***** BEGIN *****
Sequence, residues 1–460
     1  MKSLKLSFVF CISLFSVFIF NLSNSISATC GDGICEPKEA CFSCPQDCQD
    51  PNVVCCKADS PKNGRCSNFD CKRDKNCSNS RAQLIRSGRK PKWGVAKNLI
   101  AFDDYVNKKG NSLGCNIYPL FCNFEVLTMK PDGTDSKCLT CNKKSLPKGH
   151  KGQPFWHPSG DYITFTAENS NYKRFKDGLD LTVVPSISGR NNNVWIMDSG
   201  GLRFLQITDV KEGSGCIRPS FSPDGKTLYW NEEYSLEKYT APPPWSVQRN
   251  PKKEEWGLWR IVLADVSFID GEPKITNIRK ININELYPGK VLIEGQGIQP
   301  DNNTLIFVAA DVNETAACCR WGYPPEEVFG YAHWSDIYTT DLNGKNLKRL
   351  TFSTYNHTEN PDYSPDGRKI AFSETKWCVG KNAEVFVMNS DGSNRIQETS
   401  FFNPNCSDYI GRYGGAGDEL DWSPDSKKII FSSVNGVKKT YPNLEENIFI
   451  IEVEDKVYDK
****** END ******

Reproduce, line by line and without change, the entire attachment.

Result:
Sequence, residues 1–460
     1  MKSLKLSFVF CISLFSVFIF NLSNSISATC GDGICEPKEA CFSCPQDCQD
    51  PNVVCCKADS PKNGRCSNFD CKRDKNCSNS RAQLIRSGRK PKWGVAKNLI
   101  AFDDYVNKKG NSLGCNIYPL FCNFEVLTMK PDGTDSKCLT CNKKSLPKGH
   151  KGQPFWHPSG DYITFTAENS NYKRFKDGLD LTVVPSISGR NNNVWIMDSG
   201  GLRFLQITDV KEGSGCIRPS FSPDGKTLYW NEEYSLEKYT APPPWSVQRN
   251  PKKEEWGLWR IVLADVSFID GEPKITNIRK ININELYPGK VLIEGQGIQP
   301  DNNTLIFVAA DVNETAACCR WGYPPEEVFG YAHWSDIYTT DLNGKNLKRL
   351  TFSTYNHTEN PDYSPDGRKI AFSETKWCVG KNAEVFVMNS DGSNRIQETS
   401  FFNPNCSDYI GRYGGAGDEL DWSPDSKKII FSSVNGVKKT YPNLEENIFI
   451  IEVEDKVYDK